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  • Oct 31, 2014
  • Updated: 6:46pm
My Take
PUBLISHED : Thursday, 13 September, 2012, 12:00am
UPDATED : Thursday, 13 September, 2012, 3:10am

Loh's new post is a breath of fresh air

The row over national education has sounded a red alert for the chief executive. His administration is unlikely from now on to push though any major policy opposed by a substantial or at least an overly vocal segment of society.

This means forget about tackling contentious issues like the small house policy in the New Territories or forcing Catholic and Anglican schools to open up their governing boards to parents and community leaders. That is just as well. We have had a century and a half of Christian brainwashing; a few more years won't hurt, as long as we keep communist propaganda at bay.

The trick now, for the government, is to be alert as early as possible to any potential policy controversy, and make a U-turn quickly without making it look too obvious. As a reader puts it, Leung Chun-ying should stick to jobs, clean air, social welfare, housing and medical services - pressing issues one and all. That seems to be what Leung plans on doing; and no one will seriously object.

Stanley Wong Yuen-fai, the new chairman of the Housing Authority's subsidised housing committee, has announced he wants to increase the supply of public rental units and home-ownership scheme flats well beyond the targets originally proposed. He is no doubt right that those most in need of housing should be taken care of before focusing on the needs of middle-class households.

Meanwhile, Leung's appointment of Christine Loh Kung-wai as undersecretary for the environment - long rumoured but never confirmed until yesterday - is good news. Loh has long been an outspoken critic of the government's policies on the environment, harbour reclamation and urban planning. Another concern is waste management.

As the late US president Lyndon Johnson famously said, "It's probably better to have [a critic] inside the tent pissing out, than outside the tent pissing in." But that may be too cynical an interpretation.

True, Loh will still be under the thumb of environment secretary Wong Kam-sing, a well-known architect who is untested as an environmentalist. But if the pair can develop a rapport and help improve the city's noxious and deadly air pollution, it would be a major achievement.


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KS Wong is NOT a radical environmentalist. I have no doubt on his knowledge on green issues. I have observed him for a few years, from his days at a prominent architectural firm to his time at chair of Professional Green Building Council (now, replaced by HKGBC). His position, and support, of the details of BEAM Plus, during its transition from BEAM, is most probably the best indicator of his environmentalist credential. Despite, all the propaganda on BEAM Plus, and its assessment on low carbon design, it is still a tool for “green washing”. One only merely look at the glass-cladded air-conditioned commercial buildings that has obtained BEAM / BEAM Plus awards over the years, and one can easily conclude BEAM is green washing. I have on numerous occasions advocated that only carbon neutral buildings be given awards; whilst, others can only be given recognition for making efforts to minimize their GHG emissions. KS Wong’s attitude was one of compromising as much as possible to accommodate developers’ interests, insofar as they are reluctant to invest in quality expensive truly low energy green buildings. I am afraid it is this quality n him that CY Leung sees. And, of course, the same developers who pressured KS Wong successfully before are also eager to have a person they can influence in Government. Notwithstanding all that I have said, I still hope KS Wong and Christine Loh can rise to the occasion and truly PROTECT our environment.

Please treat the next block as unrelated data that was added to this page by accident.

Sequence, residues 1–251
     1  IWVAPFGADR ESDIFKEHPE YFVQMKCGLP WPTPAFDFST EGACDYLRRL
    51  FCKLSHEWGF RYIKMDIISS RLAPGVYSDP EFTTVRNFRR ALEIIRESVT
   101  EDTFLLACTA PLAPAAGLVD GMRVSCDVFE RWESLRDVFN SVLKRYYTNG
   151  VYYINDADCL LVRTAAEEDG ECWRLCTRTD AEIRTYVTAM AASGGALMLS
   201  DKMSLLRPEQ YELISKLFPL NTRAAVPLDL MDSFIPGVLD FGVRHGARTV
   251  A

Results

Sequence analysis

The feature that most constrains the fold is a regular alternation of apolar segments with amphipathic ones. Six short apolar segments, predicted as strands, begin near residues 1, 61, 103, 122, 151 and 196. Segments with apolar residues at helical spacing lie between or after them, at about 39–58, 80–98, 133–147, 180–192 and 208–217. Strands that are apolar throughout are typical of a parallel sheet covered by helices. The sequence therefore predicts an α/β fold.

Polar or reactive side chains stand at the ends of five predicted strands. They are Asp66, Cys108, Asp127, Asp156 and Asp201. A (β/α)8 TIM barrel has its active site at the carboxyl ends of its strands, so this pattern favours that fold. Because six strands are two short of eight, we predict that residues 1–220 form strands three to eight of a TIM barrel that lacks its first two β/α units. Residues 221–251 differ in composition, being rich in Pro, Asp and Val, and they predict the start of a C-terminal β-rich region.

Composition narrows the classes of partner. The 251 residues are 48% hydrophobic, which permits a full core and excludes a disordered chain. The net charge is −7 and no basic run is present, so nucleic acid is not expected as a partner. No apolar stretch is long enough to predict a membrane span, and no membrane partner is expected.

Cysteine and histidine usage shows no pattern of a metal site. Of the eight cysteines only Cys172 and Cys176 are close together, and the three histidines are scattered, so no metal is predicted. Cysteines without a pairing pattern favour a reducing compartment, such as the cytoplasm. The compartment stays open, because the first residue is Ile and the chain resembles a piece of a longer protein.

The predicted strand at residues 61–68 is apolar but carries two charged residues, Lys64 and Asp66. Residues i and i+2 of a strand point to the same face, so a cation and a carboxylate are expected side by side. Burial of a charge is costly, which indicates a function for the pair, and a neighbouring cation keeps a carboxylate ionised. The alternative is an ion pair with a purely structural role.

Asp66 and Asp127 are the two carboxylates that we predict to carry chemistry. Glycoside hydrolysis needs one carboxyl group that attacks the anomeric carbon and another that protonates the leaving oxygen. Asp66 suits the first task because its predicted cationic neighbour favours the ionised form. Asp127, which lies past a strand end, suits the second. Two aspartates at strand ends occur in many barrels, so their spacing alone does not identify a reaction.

Finally a step in the right direction - an advocate instead of another career civil servant.
EB has the best talent for its JOB........one can only wish the same can be said with other Departments, especially them AOs who has no idea of its Department's objectives and internal staff's aspirations (some civil servants actually want to serve!!)
Christine Loh and Wong Kam-Sing should be the dream team for the environment and I wish them the best. I hope this is the start of CY bringing in capable people vs the same self-serving and overpaid bureaucrats Tsang and Tung appointed.


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